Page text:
Faculty & Staff News

New Hilton dean looks to expand graduate programs

Starting July 1 of this year, the Conrad N. Hilton College will have a new dean, the seventh in its history.

Dennis Reynolds hails from the state of Washington, where he is currently the Ivar Haglund Distinguished Professor for the School of Hospitality Business Management at Washington State University.

The Hilton College faculty originally contacted him regarding the position last summer, and the College’s reputation as one of the world’s top hospitality programs was what attracted him to their offer. Houston itself, though, with its size and diversity, also played a factor in his decision to take the job.

“As the fourth largest city in the nation, Houston has more than 11,000 restaurants, 75,421 hotel rooms, thriving arts and cultural scene, professional sports teams and numerous entertainment venues, which means excellent opportunities for our students and graduates,” Reynolds said.

Reynolds has expressed hopes of expanding the Hilton College’s graduate programs as well as adding a new doctoral degree and a new master’s in global hospitality business.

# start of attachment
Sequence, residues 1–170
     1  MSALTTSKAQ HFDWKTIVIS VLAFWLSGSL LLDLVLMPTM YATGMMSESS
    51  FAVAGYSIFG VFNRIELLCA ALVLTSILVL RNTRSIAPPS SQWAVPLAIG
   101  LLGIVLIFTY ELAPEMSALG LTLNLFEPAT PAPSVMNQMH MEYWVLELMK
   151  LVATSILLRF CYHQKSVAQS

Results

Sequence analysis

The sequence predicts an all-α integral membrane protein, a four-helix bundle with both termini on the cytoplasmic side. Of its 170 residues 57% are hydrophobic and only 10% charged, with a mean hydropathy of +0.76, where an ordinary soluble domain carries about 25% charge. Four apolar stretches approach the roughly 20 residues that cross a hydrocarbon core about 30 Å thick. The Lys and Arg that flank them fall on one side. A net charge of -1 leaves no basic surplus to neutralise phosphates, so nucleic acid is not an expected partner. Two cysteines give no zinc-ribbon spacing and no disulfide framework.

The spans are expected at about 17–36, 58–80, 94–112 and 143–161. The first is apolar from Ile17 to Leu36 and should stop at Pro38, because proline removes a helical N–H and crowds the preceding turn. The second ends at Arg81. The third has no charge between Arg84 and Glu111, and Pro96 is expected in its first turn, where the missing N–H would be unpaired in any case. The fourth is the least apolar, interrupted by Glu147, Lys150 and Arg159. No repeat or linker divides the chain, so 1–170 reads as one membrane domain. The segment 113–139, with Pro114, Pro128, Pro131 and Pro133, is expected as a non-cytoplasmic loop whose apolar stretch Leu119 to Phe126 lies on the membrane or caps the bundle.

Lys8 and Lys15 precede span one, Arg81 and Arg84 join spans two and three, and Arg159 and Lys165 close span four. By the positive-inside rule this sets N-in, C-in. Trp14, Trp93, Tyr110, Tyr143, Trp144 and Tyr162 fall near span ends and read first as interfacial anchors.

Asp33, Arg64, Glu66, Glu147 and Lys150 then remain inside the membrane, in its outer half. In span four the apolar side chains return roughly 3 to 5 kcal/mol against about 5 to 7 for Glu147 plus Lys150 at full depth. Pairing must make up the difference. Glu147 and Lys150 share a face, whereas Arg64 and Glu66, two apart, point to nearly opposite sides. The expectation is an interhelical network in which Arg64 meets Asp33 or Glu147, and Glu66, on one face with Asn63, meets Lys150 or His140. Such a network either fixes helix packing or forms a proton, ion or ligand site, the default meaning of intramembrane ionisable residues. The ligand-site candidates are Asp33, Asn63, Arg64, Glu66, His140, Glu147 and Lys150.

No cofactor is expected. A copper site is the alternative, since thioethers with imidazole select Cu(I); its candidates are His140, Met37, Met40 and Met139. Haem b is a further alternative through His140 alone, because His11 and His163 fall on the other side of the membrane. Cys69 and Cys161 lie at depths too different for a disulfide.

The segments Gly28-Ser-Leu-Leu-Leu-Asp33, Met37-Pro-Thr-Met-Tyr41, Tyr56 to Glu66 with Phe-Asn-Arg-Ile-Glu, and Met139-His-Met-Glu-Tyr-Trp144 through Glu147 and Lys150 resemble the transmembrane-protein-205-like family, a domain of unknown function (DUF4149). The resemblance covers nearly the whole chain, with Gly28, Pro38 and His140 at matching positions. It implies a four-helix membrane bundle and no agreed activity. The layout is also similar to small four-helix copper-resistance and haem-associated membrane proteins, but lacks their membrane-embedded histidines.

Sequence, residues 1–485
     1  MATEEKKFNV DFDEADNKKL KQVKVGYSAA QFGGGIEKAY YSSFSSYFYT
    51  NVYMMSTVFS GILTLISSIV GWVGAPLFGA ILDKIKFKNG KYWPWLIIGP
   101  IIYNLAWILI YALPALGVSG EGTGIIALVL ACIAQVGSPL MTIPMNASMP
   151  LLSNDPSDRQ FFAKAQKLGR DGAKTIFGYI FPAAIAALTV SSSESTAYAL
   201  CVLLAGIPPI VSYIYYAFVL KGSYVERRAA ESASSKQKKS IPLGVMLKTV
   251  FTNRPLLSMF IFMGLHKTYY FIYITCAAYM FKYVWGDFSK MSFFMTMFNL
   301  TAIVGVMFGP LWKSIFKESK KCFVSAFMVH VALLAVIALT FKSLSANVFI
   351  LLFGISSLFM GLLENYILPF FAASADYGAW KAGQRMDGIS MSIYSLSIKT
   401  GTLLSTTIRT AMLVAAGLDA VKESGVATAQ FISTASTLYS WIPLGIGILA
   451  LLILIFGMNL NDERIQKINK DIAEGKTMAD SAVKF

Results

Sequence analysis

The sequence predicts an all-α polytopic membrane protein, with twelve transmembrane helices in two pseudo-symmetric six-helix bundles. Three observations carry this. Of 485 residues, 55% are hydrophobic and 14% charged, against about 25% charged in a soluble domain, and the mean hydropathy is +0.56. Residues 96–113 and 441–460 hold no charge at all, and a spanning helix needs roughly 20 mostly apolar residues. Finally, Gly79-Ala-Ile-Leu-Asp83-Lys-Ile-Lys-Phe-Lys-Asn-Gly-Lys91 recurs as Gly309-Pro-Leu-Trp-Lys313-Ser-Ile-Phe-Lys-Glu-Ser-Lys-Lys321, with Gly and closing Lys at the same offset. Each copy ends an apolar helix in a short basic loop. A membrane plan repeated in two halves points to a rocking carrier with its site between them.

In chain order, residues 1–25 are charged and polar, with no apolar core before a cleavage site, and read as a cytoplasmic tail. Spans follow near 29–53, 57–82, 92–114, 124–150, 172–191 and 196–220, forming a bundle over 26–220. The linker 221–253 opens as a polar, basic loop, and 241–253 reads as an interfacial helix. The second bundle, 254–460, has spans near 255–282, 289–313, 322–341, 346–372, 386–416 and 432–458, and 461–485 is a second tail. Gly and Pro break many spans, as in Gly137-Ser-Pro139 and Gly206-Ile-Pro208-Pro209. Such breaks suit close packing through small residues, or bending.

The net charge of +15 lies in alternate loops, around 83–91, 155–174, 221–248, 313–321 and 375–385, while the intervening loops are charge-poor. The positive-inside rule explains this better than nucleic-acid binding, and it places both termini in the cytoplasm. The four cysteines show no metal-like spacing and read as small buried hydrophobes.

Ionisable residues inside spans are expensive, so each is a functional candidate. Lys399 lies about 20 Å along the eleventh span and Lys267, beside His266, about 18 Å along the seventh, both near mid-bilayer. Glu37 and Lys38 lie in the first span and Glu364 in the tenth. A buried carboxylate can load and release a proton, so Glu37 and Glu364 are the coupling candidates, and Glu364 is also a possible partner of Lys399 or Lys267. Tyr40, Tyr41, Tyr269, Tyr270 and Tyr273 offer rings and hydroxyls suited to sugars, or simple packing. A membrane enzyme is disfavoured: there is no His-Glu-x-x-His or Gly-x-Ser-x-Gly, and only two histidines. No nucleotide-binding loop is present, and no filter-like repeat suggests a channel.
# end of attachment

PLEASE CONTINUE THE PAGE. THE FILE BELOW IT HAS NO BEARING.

“My primary goal as dean will be to extend the global reach and reputation of Hilton College,” Reynolds said. “I hope to see us enhance our graduate education programs while maximizing the undergraduate experience.”

Professionally, Reynolds has spent years in the hospitality industry, doing everything from being a busboy to running the North American division of a publicly traded food service company. He named several people as major influences who guided him toward success.

“My parents, of course, had a very positive influence on me,” said Reynolds. “I was also blessed to have Fred Del Marva, a long-time executive in the hospitality industry, provide me with advice and guidance over the last 25 years. Importantly, my wonderful wife has always been at my side.”

Some students at the Hilton College hope the new dean will make some improvements to the college.

“(I hope he’ll) definitely improve some classrooms,” said Hotel and Restaurant Management sophomore Riley Rundquist. “Some are not really updated.”

Other students, however, expressed ambivalence about the arrival of a new dean. One student in particular, when asked about any concerns he wished the new dean would address, drew a blank.

“I really like this college,” said HRM senior David Wicoff. “There are not too many issues I have with this school.”

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